How much more purging do we actually need before we are cleansed?
The Purge, just in case you are not familiar with it, is an annual event in which any crime is legal for 12 hours, and emergency services are suspended. This was initiated by the elected New Founding Fathers of America (NFFA) as a response to the crippling economy, as well as to provide a way for people to “release the beat” and cleanse their thirst for acting on their anger. If this sounds preposterous or unrealistic, that’s because it is! Thankfully, this is not real life (that I know of), only a movie, and that movie somehow made enough money to develop into a franchise!
The first film of the series, simply titled The Purge, was released in 2013. Though it had the event at its core, it played more as a home invasion movie, when it should have shown more of how the Purge itself worked. The two sequels that followed, The Purge: Anarchy in 2014 and The Purge: Election Year in 2016, were marginal improvements, since the audience was allowed to see more of the Purge in action, as well as the way people of different classes were affected by it. However, despite, solid performances from Frank Grillo and Elizabeth Mitchell, the films themselves were substandard. Now, since Election Year seemed to have marked the end of the annual Purge, they had to go back to the beginning and show how it all got started in order to keep the franchise alive
In this story, we see the NFFA planning an experiment: make crime legal for 12 hours a year to help build up the economy and bring the crime rate down below 1%. They decide to recruit the entire borough of Staten Island as a testing ground for the experiment and offer to pay $5000 to those who choose to participate–that is, if they survive the night. One recruit is Isiah, a young man who is thirsty for revenge against someone he crossed paths with earlier. His sister, Nya, tries to seek shelter from the event, but enters the war zone to rescue his brother. At the same time, a local gang kingpin, Dmitri, tries to protect his kingdom from other gang members who are participating as “Purgers.” As these characters, as well as all residents of Staten Island, try to survive the night, they, and the viewer, discover that, big shock, there is more to this Purge experiment than expected.
Film franchises can face damage with a prequel, because filmmakers are limited by the previous installments’ continuity, not to mention that origin stories are often not necessary. The Purge series, however, has the potential to make a decent prequel, because it is interesting to know how high government officials could take such an interesting, yet ridiculous idea and put it into action. Those going into the movie expecting, as I did, to see that, might walk away half-satisfied.
I will give this film credit where it is due, in that there is a decent build-up to the commencement of the first Purge. You get the sense that not many of the Staten Island residents know how to interpret what is about to happen once the alarms start ringing (the sound of a baby crying in a church during the ringing was admittedly a nice touch). Some people even decide to just throw a relatively harmless rave instead. When the actual purging does start, the film starts cooking with gas and starts delivering some decent thrills. Another positive note is that, unlike the other Purge movies, this one shows other forms of crime, like robbery, being committed instead of only murder.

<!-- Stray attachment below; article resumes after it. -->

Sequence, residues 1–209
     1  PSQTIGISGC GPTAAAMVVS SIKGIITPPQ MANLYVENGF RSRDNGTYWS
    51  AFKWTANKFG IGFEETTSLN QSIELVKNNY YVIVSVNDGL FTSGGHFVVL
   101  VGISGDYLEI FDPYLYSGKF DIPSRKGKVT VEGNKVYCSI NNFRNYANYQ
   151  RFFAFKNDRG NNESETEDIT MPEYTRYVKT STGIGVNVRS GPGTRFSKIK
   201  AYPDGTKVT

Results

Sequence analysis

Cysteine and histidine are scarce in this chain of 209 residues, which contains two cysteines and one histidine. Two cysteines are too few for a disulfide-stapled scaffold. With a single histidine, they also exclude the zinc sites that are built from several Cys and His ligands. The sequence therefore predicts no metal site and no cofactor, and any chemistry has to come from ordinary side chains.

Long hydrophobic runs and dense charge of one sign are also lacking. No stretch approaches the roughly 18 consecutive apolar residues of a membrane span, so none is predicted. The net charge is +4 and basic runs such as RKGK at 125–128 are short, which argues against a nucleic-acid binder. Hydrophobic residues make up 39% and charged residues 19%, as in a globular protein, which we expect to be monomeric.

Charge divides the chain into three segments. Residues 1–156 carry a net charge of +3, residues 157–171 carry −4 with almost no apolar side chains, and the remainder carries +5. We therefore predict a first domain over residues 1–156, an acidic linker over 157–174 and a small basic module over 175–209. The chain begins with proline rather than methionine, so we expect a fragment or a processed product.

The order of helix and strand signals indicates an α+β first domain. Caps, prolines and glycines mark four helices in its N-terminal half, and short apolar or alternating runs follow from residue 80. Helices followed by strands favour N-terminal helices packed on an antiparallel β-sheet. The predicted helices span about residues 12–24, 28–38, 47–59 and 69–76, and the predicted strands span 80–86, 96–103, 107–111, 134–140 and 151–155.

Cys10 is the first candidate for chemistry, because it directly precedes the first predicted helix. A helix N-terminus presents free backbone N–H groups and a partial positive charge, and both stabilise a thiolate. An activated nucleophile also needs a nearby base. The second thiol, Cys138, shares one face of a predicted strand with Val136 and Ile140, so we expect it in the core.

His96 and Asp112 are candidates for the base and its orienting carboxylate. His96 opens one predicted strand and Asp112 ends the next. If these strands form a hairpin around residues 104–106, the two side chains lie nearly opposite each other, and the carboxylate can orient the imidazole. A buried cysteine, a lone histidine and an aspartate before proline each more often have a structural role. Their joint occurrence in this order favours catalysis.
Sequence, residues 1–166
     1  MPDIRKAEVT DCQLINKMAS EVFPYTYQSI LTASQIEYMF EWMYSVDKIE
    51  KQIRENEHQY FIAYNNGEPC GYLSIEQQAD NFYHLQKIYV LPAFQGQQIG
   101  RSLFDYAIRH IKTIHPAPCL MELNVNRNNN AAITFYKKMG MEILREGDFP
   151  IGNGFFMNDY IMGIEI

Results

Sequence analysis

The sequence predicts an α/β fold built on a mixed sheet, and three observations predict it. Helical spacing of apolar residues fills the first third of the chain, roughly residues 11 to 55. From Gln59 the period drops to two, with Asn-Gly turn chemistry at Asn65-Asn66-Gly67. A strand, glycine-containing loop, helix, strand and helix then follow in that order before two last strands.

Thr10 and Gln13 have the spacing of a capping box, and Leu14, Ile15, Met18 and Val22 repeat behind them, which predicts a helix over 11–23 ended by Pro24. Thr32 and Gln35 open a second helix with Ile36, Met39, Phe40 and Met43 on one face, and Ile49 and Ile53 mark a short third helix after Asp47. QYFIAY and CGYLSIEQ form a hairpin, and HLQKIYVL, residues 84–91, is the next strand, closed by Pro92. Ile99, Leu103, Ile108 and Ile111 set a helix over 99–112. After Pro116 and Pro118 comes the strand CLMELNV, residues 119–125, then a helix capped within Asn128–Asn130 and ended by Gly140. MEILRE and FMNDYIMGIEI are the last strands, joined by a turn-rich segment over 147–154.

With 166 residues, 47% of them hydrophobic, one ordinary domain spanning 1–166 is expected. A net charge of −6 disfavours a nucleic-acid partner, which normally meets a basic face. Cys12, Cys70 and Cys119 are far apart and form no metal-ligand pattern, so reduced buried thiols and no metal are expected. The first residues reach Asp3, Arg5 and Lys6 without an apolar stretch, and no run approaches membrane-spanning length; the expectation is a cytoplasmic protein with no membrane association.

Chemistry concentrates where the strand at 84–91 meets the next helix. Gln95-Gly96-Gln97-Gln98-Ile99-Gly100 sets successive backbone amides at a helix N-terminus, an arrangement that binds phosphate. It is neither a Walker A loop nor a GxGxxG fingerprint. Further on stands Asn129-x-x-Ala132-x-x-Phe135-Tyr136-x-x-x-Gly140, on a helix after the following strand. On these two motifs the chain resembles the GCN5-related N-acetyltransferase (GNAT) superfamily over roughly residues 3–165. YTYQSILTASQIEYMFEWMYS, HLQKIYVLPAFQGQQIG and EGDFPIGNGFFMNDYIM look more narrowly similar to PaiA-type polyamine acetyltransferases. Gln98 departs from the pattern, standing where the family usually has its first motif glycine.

On the other hand, the film suffers from the same problems that the previous films do; absurd acting, dialogue, and scenarios. One of the biggest jaw-dropping scenes in this film is not even a death, but a no-so-subtle bit of advertisement. As one person is preparing himself for the Purge, there is a poster on his wall for the upcoming Halloween film. Why yes, it is a Blumhouse production! Another is when a female character, while escaping being groped in her private area, runs while shouting “P#@@y-Grabbing Motherf#@%(^!” I think anyone being groped would have a more visceral reaction than that. James DeMonaco, although not directing this Purge entry, still wrote the screenplay, and shows little to no improvement when it comes to writing dialogue.
In terms of cast, Y’Lan Noel as Dmitri is easily the best character in the film. He is charismatic, and has a layered personality, and doesn’t act like the stereotypical gang member you would expect to see in this role. He easily steals the show from a cast that ranges from subpar to just plain forgettable. The biggest name in this film, Marisa Tomei, is not in the film very long, and it is sad to see such a talented actor wasted.
The Purge series is known for its middling attempts at social commentary, and this film continues that tradition. One such new addition is the inclusion of contact lenses that “Purgers” wear to broadcast their killings to the NFFA. I guess that this is supposed to be a reference to body camera footage now worn by police officers, but this goes beyond suspension of disbelief. If we are at a point in time where people can wear contact lenses with wireless 4K-looking cameras in them, why do we still need the ferry and bus to get off of Staten Island? Perhaps we’ll find out in the inevitable sequel, “The Second Purge.”
At the end of the day, The First Purge is basically another Purge film with the same problems that plagued the series from the beginning: subpar acting and taking itself way too seriously. It is admittedly one of the better entries in this series, but not by much. In the meantime, I am going to celebrate Independence Day by watching Independence Day, a stupid film I can actually enjoy.
NOTE: There are two mid-credit sequences at the end of the film; one of them being an epilogue. The other is an advertisement, though I’ll let you find out what it is for.